There were also higher rates of uncontrolled blood pressure among certain demographic groups — blacks, Hispanics and patients with Medicaid. These groups may have had less intensive attention to their high blood pressure for a number of reasons, including less access to high quality care and an inability to afford some medications.”

What can be done?

“Studies have demonstrated that team-based care leads to better improvements in blood pressure when compared to traditional models of primary care. Team-based care for hypertension involves the patient and their primary care physician, as well as other health professionals such as pharmacists, nurses, dieticians, case managers and social workers. Especially for treatment strategies involving health behavior change, physicians may not be as effective as other people whose training focused on these skills.

Stanford has already implemented this team-based care model in our primary-care clinics. And we are looking at other strategies, including helping our patients to be more involved in managing their high blood pressure. For instance, I encourage patients to regularly measure their blood pressure at home. The American Heart Association has resources available with information about choosing a home blood pressure monitor and using the correct home blood pressure technique.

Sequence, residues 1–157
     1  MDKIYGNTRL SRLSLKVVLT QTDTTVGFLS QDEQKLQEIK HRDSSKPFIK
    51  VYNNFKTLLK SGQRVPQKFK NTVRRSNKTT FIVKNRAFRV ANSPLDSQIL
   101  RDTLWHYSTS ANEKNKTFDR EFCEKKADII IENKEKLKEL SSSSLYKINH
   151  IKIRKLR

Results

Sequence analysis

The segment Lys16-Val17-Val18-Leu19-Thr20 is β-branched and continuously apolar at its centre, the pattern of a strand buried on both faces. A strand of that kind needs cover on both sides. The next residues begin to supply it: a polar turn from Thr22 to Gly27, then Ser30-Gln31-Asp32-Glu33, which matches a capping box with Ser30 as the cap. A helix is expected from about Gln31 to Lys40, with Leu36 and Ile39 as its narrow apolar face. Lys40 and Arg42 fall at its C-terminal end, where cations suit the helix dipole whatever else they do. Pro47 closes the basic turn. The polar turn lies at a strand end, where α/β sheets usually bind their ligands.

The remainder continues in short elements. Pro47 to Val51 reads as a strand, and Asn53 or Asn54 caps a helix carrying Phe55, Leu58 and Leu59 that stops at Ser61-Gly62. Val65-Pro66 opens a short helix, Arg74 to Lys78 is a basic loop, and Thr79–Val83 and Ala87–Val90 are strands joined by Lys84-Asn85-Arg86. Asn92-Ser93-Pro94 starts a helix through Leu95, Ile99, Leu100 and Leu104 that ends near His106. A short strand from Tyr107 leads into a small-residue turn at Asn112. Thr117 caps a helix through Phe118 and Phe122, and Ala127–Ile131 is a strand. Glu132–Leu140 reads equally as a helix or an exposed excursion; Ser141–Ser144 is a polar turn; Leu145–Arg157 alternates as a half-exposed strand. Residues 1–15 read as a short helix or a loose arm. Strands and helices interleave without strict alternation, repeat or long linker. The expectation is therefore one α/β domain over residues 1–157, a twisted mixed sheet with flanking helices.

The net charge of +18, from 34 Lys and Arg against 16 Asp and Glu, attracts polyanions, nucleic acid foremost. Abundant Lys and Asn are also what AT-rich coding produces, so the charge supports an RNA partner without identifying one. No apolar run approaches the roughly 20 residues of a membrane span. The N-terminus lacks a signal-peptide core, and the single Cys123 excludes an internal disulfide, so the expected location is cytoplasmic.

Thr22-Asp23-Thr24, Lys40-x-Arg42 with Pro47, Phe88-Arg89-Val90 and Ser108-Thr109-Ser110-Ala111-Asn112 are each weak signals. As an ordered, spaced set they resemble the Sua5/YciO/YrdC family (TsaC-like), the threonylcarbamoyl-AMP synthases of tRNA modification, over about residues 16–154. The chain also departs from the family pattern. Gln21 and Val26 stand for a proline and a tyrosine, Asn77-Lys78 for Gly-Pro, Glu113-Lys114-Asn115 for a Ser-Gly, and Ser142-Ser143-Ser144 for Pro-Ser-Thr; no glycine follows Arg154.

I also encourage my patients to adopt a largely plant-based diet, lose weight and become more physically active. These non-medication strategies can be helpful for preventing high blood pressure, but are also as an integral part of treating high blood pressure.”

This is a reposting of my Scope blog story, courtesy of Stanford School of Medicine.

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New understanding of cellular signaling could help design better drugs, Stanford study finds

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An effective drug with minimal side effects — the dream of all drug companies, physicians and patients. But is it an impossible dream?

Perhaps not, in light of new research led by Ron Dror, PhD, an associate professor of computer science at Stanford. IN collaboration with other researchers, Dror used computer simulations and lab experiments to better understand G-protein-coupled receptors, which are critical to drug development.